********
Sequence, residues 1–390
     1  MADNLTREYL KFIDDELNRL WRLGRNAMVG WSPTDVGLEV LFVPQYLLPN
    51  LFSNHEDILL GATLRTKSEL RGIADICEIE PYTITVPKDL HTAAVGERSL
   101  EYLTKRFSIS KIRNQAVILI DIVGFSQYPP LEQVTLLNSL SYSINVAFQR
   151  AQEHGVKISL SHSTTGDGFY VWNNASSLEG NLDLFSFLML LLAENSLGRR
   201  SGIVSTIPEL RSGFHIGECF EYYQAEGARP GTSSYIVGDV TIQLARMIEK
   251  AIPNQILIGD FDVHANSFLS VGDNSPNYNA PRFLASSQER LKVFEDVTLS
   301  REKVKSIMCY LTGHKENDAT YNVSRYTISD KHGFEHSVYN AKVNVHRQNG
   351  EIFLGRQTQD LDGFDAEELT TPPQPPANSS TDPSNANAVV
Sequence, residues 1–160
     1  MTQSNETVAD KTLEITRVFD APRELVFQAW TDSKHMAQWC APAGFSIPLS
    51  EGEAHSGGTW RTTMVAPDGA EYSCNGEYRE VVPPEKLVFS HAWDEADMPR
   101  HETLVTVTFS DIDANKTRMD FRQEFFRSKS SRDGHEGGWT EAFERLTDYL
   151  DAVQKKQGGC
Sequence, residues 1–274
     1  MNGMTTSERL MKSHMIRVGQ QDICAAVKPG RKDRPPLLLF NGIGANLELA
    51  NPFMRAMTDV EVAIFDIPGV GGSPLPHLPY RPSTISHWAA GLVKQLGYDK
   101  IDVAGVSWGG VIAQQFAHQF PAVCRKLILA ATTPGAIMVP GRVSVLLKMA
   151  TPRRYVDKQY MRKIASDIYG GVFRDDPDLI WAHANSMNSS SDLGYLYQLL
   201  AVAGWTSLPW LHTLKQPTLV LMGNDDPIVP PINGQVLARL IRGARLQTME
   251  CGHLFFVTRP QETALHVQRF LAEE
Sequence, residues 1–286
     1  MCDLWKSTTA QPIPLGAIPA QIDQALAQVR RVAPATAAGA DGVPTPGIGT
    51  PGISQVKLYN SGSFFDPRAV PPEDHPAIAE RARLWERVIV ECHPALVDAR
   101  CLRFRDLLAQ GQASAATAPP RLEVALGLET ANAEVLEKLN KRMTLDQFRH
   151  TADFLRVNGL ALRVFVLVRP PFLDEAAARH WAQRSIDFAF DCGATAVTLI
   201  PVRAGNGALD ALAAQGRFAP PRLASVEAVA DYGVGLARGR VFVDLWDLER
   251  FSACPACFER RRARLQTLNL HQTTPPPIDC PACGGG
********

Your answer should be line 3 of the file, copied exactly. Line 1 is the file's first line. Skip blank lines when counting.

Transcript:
    51  LFSNHEDILL GATLRTKSEL RGIADICEIE PYTITVPKDL HTAAVGERSL